The Concept Of Womanhood In The Life Of Madame Bovary

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Womanhood- Introduction
The term woman is usually reserved for an adult with the term girl being the usual term for a female child or adolescent. Womanhood is an issue which has been on the tongues and ball-points of scholars since the time immemorial. Religious circle is also not excluded.Women have not been given their natural places as human beings until very recently.
Concept of womanhood is the philosophical ideas, thoughts and views about being a woman within a given society. It is true that in many societies women are said to be at the receiving end, not being placed in their natural pedestal as human beings and even looked at with contempt. Therefore, through my research work I want to state that
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People generally married within their socio-economic class and with someone from the same region which Emma also follows in the beginning but defies the system as the story moves forward. The marital life of French women was much more stressful in this period. They were seen as the caretakers of the home and the children. They served as maids, cooks, hostesses, disciplinarians, accountants and peacemakers. They were considered as the backbone of family life.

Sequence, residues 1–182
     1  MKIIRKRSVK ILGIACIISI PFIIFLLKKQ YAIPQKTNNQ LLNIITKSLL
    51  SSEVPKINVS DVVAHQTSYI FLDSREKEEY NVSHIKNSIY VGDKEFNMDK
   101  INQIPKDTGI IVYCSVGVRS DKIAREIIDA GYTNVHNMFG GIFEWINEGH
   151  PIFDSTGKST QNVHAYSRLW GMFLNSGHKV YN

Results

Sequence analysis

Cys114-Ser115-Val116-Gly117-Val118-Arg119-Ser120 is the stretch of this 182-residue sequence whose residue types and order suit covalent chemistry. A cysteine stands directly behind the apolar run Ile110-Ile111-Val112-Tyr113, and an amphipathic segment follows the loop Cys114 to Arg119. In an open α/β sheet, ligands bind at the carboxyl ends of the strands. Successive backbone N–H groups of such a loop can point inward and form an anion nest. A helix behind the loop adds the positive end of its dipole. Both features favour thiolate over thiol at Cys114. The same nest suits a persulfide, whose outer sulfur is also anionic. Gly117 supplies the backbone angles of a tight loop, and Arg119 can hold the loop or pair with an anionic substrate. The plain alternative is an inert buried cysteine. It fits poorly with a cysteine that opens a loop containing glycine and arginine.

Madame Bovary (1856) is considered to be French writer Gustave Flaubert’s masterpiece. The story focuses on a doctor’s wife, Emma Bovary, who has adulterous affairs and lives beyond her means in order to escape the banalities and emptiness of provincial life. Though the basic plot is rather simple, even archetypal, the novel’s true art lies in its details and hidden patterns. Flaubert was a notorious perfectionist and claimed always to be searching for the precise
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Both are inseparable, and the greatest achievement of the novel is to present a fierce social critique through the study of a specific case. The protagonist commits suicide in order to escape her misery. Emma’s story is not unusual- on the contrary, it is representative of Flaubert’s oppressive times. To denounce the injustices of nineteenth century French society, the author decides to place a woman at the centre of the narration, explores her interiority in the most intimate way and examine her difficult interactions with the dominant social

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